Hong Kong is abuzz with rumours that the territory's Chief Executive Tung Chee-hwa is about to resign.
If the reports turn out to be true, China's leaders are likely to have agreed to the move with great reluctance - perhaps believing that it was worth losing some face in order to cut their losses.
Mr Tung has been shaken by two major protests in the last two years
Mr Tung's retirement after seven and a half years in office - he was due to stay on until 2007 - will only reinforce the widespread doubts about Beijing's wisdom in appointing him, and then insisting he serve a second term.
China's leaders may worry that the unpopular Mr Tung's resignation sends a signal to Hong Kong people that if they complain long and hard enough, they could force the resignation of other leaders too.
And it will also now be harder than ever for Beijing to pretend that Hong Kong people govern themselves without interference under its vaunted "One Country, Two Systems" formula.
"This whole thing has been highly stage-managed," said Christine Loh, a former member of Hong Kong's Legislative Council who now runs a public policy think tank, Civic Exchange.
"There was a lot of discussion about it in Beijing and it was agreed right at the top of the politburo - we know that much," she said.
Rumours of Mr Tung's impending departure began circulating on Monday after the 67-year-old former shipping magnate was made a member of a largely powerless advisory body to China's parliament - a move some saw as a way of easing him out of office in Hong Kong.
Although the reports that he has actually handed in his resignation have appeared in Hong Kong media, they have been based on sources in Beijing.
"If the reports are confirmed... there will no longer be the smallest doubt that Beijing was where the appointment was first made and where it can be ended at will," said Stephen Vines, a writer and commentator based in Hong Kong.
It looked very much as if China's leaders had decided to dispense with the incumbent they had picked in the first place, he said.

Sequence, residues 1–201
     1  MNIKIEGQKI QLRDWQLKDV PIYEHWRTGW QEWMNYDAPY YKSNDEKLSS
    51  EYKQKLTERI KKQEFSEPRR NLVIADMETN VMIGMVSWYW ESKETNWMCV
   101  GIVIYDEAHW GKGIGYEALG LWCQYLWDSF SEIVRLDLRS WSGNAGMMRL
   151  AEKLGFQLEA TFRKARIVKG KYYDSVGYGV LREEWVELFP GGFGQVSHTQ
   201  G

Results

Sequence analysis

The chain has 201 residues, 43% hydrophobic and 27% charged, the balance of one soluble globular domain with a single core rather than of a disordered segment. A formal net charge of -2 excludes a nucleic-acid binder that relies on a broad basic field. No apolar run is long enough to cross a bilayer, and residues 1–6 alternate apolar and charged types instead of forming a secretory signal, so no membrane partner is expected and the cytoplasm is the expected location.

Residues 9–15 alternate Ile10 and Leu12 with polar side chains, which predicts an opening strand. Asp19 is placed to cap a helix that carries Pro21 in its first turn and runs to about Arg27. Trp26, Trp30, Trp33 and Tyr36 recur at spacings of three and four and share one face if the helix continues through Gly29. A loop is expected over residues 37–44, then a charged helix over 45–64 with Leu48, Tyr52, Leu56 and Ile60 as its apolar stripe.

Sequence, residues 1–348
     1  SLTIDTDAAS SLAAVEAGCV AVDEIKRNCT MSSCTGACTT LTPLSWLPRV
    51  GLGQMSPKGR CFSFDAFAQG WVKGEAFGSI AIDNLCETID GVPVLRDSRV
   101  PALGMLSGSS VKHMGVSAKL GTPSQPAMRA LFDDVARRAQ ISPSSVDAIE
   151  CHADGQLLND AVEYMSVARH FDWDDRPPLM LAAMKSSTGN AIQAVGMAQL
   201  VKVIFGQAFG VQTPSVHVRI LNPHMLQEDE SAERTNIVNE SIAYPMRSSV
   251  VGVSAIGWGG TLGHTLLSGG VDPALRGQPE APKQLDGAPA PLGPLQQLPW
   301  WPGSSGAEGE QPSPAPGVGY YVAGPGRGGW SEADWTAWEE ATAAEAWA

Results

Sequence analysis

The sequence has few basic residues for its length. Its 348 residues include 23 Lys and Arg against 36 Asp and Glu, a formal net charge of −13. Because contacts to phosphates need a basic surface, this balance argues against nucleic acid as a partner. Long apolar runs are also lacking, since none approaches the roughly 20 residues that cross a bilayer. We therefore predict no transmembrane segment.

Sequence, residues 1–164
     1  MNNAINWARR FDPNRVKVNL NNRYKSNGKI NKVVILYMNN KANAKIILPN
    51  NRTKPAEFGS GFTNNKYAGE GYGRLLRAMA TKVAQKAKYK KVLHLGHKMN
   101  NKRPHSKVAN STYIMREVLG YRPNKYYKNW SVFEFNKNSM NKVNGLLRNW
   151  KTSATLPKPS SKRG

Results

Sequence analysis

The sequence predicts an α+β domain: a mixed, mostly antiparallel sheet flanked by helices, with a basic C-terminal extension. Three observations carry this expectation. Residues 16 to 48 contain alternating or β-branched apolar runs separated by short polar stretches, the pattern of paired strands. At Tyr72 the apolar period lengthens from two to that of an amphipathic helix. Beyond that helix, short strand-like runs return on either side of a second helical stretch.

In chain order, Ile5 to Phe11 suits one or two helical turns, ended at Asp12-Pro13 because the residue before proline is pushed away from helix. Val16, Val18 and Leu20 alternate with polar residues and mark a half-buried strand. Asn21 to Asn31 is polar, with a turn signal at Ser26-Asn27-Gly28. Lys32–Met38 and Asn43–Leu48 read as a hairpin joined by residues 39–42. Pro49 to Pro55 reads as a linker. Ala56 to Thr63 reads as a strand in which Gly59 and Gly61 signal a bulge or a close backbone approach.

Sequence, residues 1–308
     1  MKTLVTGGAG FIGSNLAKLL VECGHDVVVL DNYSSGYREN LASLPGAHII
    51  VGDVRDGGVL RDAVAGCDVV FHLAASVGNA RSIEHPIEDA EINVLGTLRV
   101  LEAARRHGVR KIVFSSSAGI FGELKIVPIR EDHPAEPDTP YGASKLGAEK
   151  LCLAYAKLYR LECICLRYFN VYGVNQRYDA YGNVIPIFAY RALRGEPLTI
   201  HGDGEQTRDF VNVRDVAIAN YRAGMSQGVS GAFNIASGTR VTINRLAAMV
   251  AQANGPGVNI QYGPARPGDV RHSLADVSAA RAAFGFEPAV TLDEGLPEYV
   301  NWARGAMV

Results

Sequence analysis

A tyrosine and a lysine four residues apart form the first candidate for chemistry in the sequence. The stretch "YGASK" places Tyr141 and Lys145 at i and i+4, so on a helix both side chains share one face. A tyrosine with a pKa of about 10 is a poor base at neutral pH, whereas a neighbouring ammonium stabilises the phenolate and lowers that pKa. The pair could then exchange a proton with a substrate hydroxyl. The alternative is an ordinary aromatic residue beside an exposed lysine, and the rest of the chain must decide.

But Christine Loh of Civic Exchange believes it will eventually come out that Mr Tung wanted to leave and that Beijing agreed.
"It's a lesser risk for them if he goes early. It would be worse if he just crawled to the finishing line in 2007 - in that case the politburo thinks there would just be a continuing murmur of discontent," she said.
"Tung has already had two years in which to try to recover his credibility after the mass protests of 2003, but his inability to scramble back has left the whole government discredited," she said.
Factors that have helped induce Mr Tung's unpopularity since he took over his job in 1997 include successive crises over the economy and Sars; his ill-fated attempt to push through a draconian security law; and his continued support for Beijing in limiting democratic reforms.
Mr Tung's deputy, Donald Tsang - a veteran of the British civil service - is thought the most likely candidate to take over from him, if only on a temporary basis.
Under the Basic Law, Hong Kong's mini-constitution, the Beijing-appointed 800-strong committee which chooses Hong Kong's leader must hold an election within six months.
The need to act quickly to find a replacement may be used as an excuse for a further delay in the long-promised consideration of constitutional reforms.
"This will give them another four years breathing space, without even having to make the minimal changes they were talking about," said one analyst.
Whoever takes over from Mr Tung under current arrangements, it will not make much difference to the man or woman in the street, according to Elizabeth Tang, chief executive of the Hong Kong Confederation of Trade Unions.
"This isn't going to mean much of a change, since it's clear that the whole process of removing and replacing the chief executive has nothing to do with the people," she said.
Mr Tung was picked by China from relative obscurity
"We have no choice. The people have no idea what's going on."
An opinion poll this week showed that a majority of Hong Kong residents were dissatisfied with all the likely candidates to take over any vacancy in the top job.
"Unfortunately, people are now starting to worry that the next leader will be just as unpopular as this one," said Ms Tang.
But having had eight years experience of dealing with Hong Kong, China's leaders may at least be better prepared this time to choose the right person to run the place on their behalf.